One of the many amazing aspects of today's fiber-optic connectors is the mechanical precision that allows low-loss mated pairs, especially considering that single-mode fiber has an optical core of about 9 microns in diameter. Two of these cores, from opposing fibers, must be aligned with almost-perfect mechanical precision to affect the least amount of optical loss.
Positive contact and angled polish keep losses and reflections to a minimum. Of course, this small core size means that the slightest speck of dust on the single-mode core can introduce disastrously high levels of loss, so absolute cleanliness (cleaning the end faces of the connector ferrules) is a must every time a connection is made.
It was not always this good. Quite a few years ago, optical fiber networking was becoming mainstream in the LAN arena. At that time, 50/125, 100/140, and later, 62.5/125 (core and cladding diameter in microns), multimode optical fiber sizes were the short-distance LAN choices. The large diameter core allowed optical launch using LEDs, rather than more costly and finicky lasers.
The 906 SMA optical connector was one of the first popular optical connectors, but it had a few annoyances. For example, a "Delrin sleeve" (hollow plastic cylinder) was required to mechanically align the ferrules of a mated pair, precisely enough that the loss should remain under 3 dB. Being detachable, these Delrin sleeves had a habit of falling on the floor and rolling under anything that prevented someone from ever finding them again.
Compared to today's connectors, with losses of a fraction of a dB, this 3dB loss spec was atrocious. But it was a fact of life, and we had to live with it.
One day, our lab technician was setting up the optical portion of our corporate network and ran into difficulty. He came to me for help because he was getting unexplained bit errors over all the optical links. We had just started manufacturing an Ethernet 10Base-T and FOIRL (Fiber Optic Inter Repeater Link) hub, but he was trying to use Cabletron optical transceivers at the desktop ends. Plus, he had set up an optical patch panel that added an extra mated pair per patch cord.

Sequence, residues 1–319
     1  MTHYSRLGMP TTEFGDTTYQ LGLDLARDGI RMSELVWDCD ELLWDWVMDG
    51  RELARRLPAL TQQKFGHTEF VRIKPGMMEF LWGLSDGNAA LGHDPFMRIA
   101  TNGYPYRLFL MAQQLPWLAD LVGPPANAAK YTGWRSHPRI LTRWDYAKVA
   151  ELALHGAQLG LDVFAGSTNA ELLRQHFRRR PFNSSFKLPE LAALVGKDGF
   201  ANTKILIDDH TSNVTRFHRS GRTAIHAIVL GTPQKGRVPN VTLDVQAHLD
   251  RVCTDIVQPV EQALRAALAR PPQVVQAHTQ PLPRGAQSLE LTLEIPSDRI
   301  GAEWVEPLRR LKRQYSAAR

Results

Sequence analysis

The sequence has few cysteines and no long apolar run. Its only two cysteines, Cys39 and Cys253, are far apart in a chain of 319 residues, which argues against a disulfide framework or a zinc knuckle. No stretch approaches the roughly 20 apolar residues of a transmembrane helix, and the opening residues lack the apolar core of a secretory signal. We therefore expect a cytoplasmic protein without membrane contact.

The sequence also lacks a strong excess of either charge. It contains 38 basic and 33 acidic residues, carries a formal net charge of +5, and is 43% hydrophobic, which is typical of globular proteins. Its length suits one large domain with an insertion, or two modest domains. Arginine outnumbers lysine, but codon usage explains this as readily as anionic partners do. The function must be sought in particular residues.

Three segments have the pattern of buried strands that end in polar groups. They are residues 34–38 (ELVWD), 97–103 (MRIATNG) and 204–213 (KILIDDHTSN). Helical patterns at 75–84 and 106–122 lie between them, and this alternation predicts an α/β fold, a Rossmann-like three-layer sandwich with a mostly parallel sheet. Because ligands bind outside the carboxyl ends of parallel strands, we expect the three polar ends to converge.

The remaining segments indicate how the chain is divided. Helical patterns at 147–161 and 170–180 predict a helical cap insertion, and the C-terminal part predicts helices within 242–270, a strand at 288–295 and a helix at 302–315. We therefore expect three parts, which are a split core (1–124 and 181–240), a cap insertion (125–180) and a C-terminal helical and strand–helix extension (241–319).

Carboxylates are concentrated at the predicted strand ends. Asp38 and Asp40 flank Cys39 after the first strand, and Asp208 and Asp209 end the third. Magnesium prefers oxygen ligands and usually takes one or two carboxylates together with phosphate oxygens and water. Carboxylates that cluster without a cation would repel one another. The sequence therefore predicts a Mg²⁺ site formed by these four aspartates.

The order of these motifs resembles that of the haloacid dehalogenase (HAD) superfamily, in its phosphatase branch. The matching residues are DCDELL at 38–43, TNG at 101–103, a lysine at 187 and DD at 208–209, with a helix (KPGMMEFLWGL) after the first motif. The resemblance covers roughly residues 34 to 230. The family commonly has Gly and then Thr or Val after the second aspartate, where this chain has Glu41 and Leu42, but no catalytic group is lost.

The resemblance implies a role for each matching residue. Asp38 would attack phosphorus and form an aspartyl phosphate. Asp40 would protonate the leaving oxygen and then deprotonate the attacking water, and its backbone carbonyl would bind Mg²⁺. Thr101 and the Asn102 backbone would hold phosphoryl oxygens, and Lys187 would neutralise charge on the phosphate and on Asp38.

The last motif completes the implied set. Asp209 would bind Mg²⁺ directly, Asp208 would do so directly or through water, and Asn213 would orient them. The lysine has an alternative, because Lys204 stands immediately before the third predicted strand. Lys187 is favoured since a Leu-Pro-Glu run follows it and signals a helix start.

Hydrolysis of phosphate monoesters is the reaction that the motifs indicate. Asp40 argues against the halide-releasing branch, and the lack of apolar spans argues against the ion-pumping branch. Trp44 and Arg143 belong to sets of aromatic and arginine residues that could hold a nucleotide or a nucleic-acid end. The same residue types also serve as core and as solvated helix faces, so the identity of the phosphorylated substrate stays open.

I had designed the optical cards for our own product. In spite of much complaining from production, I insisted on tweaks to ensure that the green "Link Good" indicator LED would not turn on unless the incoming optical signal level was sufficient to ensure a bit error rate of better than 10-9. This was a requirement of the FOIRL Specification.
The Cabletron folks did not want expensive tweaks, so they designed their gear with a "Link Good" indicator LED that turned on with the slightest optical input -- never mind that it was so weak that the bit error rate made the link unusable -- thus, their gear was not FOIRL compliant.
Our lab technician was fooled by the Cabletron desktop transceivers "Link Good" LEDs. I showed him, with my optical power meter, that the link was not good, and that the Cabletron LEDs were lying to him. Then I told him the only solution was to rearrange his patch panel to eliminate one of the two optical couplings -- use cord and splice bushing only, rather than splice bushing to patch cords to another splice bushing. This eliminated 2 dB to 3 dB of loss and the links worked.
Note: 3 dB of optical loss is equivalent to 6 dB of electrical loss.